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Midterm

Paper 2017

Quiz-1

Two "words" are considered equivalent if one is a rearrangement of the other. (Cat, act and cta are considered same for example). How many three-letter words that are not equivalent can you make?

We can choose 3 items from 26 letters and two spaces, so it's 26+2\choose 3, or 28\choose 3.

Quiz-2

Provide a 2 column proof: if A \subseteq B, then \complement_U{A} \cup B = U

To show \complement_U{A} \cup B = U, we need to prove \complement_U{A} \cup B \subseteq U and U \subseteq \complement_U{A}\cup B

  1. \complement_U{A} \cup B \subseteq U is obvious by the definition of U.
  2. To show U \subseteq \complement_U{A}\cup B:
\begin{align} & \text{Let } x\in U \Rightarrow x\in A \text{ or } x\in \complement_U{A}. &&\text{Definition of }U\\ & \text{If } x\in A \Rightarrow x\in B \Rightarrow x\in \complement_U{A}\cup B &&A \subseteq B\\ & \text{If } x\in \complement_U{A} \Rightarrow x\in \complement_U{A}\cup B &&\text{Definition of operator }\cup\\ \end{align}

Quiz-3

Use a 2-column and rules of inference with quantifiers to verify the validity of the following:
1. All wizards at school must know how to make potions.
2. All wizards who do magic outside of school must know how to cast spells.
3. Harry is a wizard at school, but he doesn't know how to cast spells.
4. Hermione knows How to cast spells but doesn't know hot ot make potions.
Therefore Harry does not do magic out side of school and Hermione isn't a wizard at school.

p(x): x is a wizard at school.
q(x): x knows how to make potions.
r(x): x do magic outside of school.
s(x): x knows how to cast spells.

\begin{align} (1) \text{ }& \forall{x}[p(x) \rightarrow q(x)] && \text{given} \\ (2) \text{ }& \forall{x}[(p(x)\land{r(x)}) \rightarrow s(x)] && \text{given} \\ (3) \text{ }& p(Harry) && \text{given} \\ (4) \text{ }& \lnot{s(Harry)} && \text{given} \\ (5) \text{ }& (p(Harry)\land{r(Harry)}) \rightarrow s(Harry) && \text{(2) Universal Spec} \\ (6) \text{ }& \lnot (p(Harry)\land{r(Harry)}) && \text{(4)(5) M. Tollen's} \\ (7) \text{ }& \lnot p(Harry) \lor \lnot{r(Harry)} && \text{(6) DMorgan} \\ (8) \text{ }& \lnot{r(Harry)} && \text{(3)(7) Disjunctive Syllogism} \\ (9) \text{ }& \lnot q(Hermione) && \text{given} \\ (10)\text{ }& p(Hermione) \rightarrow q(Hermione) && \text{(1) Universal Spec} \\ (11)\text{ }& \lnot p(Hermione) && \text{(9)(10) M. Tollen's} \\ (12)\text{ }& \lnot{r(Harry)} \land \lnot p(Hermione) && \text{(8)(11) Conjunction} \\ \end{align}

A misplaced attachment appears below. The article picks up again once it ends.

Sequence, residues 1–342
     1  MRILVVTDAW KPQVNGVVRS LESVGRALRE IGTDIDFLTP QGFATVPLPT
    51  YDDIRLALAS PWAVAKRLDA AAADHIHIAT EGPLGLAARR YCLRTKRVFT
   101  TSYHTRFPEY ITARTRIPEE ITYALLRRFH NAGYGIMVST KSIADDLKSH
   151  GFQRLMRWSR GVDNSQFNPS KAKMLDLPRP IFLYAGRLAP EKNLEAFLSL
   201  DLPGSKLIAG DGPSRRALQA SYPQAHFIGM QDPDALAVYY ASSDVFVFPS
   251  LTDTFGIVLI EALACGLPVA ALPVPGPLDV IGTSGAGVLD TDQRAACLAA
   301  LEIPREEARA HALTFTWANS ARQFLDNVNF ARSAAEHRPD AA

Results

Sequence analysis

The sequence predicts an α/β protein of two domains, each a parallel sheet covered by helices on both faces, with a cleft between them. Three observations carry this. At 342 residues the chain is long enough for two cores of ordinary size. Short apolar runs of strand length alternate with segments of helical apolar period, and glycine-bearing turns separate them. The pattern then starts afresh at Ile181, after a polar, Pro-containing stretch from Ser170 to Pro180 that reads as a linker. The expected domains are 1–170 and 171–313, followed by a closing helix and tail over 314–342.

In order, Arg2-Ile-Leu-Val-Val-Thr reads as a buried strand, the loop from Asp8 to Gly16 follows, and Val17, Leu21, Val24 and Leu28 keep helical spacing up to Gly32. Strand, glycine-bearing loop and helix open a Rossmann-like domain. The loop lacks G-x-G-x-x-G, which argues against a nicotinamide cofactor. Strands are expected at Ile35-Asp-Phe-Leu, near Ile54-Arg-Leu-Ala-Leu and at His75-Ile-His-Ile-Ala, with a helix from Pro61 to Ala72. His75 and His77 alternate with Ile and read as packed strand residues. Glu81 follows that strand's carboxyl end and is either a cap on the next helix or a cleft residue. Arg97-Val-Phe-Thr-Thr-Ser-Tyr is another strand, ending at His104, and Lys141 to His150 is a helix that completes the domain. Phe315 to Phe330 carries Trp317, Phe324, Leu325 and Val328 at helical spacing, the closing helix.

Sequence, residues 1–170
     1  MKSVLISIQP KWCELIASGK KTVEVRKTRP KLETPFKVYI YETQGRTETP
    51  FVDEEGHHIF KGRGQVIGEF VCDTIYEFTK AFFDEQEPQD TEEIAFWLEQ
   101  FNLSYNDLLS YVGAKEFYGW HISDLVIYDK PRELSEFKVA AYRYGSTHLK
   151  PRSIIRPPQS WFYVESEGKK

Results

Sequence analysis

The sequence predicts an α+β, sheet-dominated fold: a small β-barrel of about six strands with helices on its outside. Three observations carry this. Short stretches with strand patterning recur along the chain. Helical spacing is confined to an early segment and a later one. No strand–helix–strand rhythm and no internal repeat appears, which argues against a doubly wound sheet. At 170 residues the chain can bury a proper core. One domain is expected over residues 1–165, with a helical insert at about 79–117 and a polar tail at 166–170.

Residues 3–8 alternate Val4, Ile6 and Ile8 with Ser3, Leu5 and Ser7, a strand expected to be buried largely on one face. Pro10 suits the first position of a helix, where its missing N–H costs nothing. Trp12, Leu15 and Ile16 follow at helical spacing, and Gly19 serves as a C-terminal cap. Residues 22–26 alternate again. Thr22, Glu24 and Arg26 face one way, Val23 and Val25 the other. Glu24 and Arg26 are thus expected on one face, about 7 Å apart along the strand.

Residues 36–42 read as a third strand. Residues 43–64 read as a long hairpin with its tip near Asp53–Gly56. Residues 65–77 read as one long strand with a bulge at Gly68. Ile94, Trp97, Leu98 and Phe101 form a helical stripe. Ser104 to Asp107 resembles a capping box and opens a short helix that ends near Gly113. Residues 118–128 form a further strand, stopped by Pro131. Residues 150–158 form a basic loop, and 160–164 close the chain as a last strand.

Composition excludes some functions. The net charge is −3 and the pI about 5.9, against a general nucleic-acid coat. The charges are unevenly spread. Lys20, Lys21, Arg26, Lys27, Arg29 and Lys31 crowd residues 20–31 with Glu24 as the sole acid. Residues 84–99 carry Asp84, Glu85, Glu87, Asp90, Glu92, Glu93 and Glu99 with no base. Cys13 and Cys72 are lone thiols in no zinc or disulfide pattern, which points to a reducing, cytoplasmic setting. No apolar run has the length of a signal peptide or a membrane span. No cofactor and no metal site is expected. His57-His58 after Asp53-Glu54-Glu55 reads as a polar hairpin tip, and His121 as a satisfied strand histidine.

Quiz-4

How many ways are there to place 10 books on 5 bookshelves, if the order of books relevant and (a) shelf can be empty or (b) shelves can be left empty.

Because the order of books relevant, we arrange books first, which is P(10, 5) = 5.

If shelves can be empty, then we are assigning these 4 bars in 5 categories to 10+5-1 places, which is 14\choose 4, so number of ways are: $$ P(10, 5) \times {14\choose 4} = \dfrac{10!14!}{5!10!4!} = = \dfrac{14!}{5!4!} $$

If shelves cannot be empty, then we are assigning these 4 bars in 5 categories to 10-1 places, which is 9\choose 4, so number of ways are: $$ P(10, 5) \times {9\choose 4} = \dfrac{10!9!}{5!5!4!} $$

Quiz-5

How may permutations of the 26 different letters of the alphabet contain the pattern "DOG", the pattern "CAT", or the "MICE" pattern?

Individual permutations:

  • "DOG": D = P(24, 24) = 24!
  • "CAT": C = P(24, 24) = 24!
  • "MICE":M = P(23, 23) = 23!.

The overall permutations is C\cup D\cup M, mind that elements included "DOG" and "CAT", "DOG" and "MICE" are partially overlapping. So in order to eliminate duplications, I use the Venn diagram helping me understand.

Credit to MyDraw

Venn diagram obviously shows that: $$ C\cup D\cup M = C + D + M - C\cap D - C\cap M - D\cap M + C\cap D\cap M $$

Since:

\begin{align} C\cap D &= P(26-6+2, 26-6+2) = P(22, 22) = 22!\\ C\cap M &= 0\\ D\cap M &= P(26-7+2, 26-7+2) = P(21, 21) = 21!\\ C\cap D\cap M &= 0 \end{align}

So:

\begin{align} C\cup D\cup M &= C + D + M - C\cap D - C\cap M - D\cap M + C\cap D\cap M\\ &= 24! + 24! + 22! - 22! \end{align}

Quiz-6

Prove S(n): \sum_{i=1}^n f_i^2 = f_nf_{n+1} for all n, where f_0 = 0, f_1 = f_2 = 1, f_{n+2} = f_n + f_{n+1}.

Quiz-7

Let a, b, c, d be positive integers. Prove [(a|b)\land(c|d)\Rightarrow ac|bd].

\begin{align} & (1) && a|b \Rightarrow b = an, n\in \mathbb{Z} && \text{ Definition}\\ & (2) && c|d \Rightarrow d = cm, m\in \mathbb{Z} && \text{ Definition}\\ & (3) && bd = (an)(cm) = (ac)(mn), mn\in \mathbb{Z} && \text{ (1)(2)}\\ & (4) && ac|bd && \text{ (3) definition}\\ \end{align}

Quiz-8

Negate and simplify: \forall x\exists y[(p(x, y)\land q(x, y))\rightarrow r(x, y)], use 2 column proof format.

\begin{align} \lnot[\forall x\exists y[( p(x, y) \land q(x, y)) \rightarrow r(x, y)]&] &&\text{ Negate}\\ \exists x\lnot[\exists y[( p(x, y) \land q(x, y)) \rightarrow r(x, y)]&] &&\text{ Negation of }\forall\\ \exists x\forall y\lnot[( p(x, y) \land q(x, y)) \rightarrow r(x, y)]& &&\text{ Negation of }\exists\\ \exists x\forall y\lnot[\lnot(p(x, y) \land q(x, y)) \lor r(x, y)]& &&\text{ Logically equivalent}\\ \exists x\forall y[\lnot\lnot(p(x, y) \land q(x, y)) \land \lnot r(x, y)]& &&\text{ d'Morgan}\\ \exists x\forall y[( p(x, y) \land q(x, y)) \land \lnot r(x, y)]& &&\text{ Double negation}\\ \end{align}

Quiz-9

n/a

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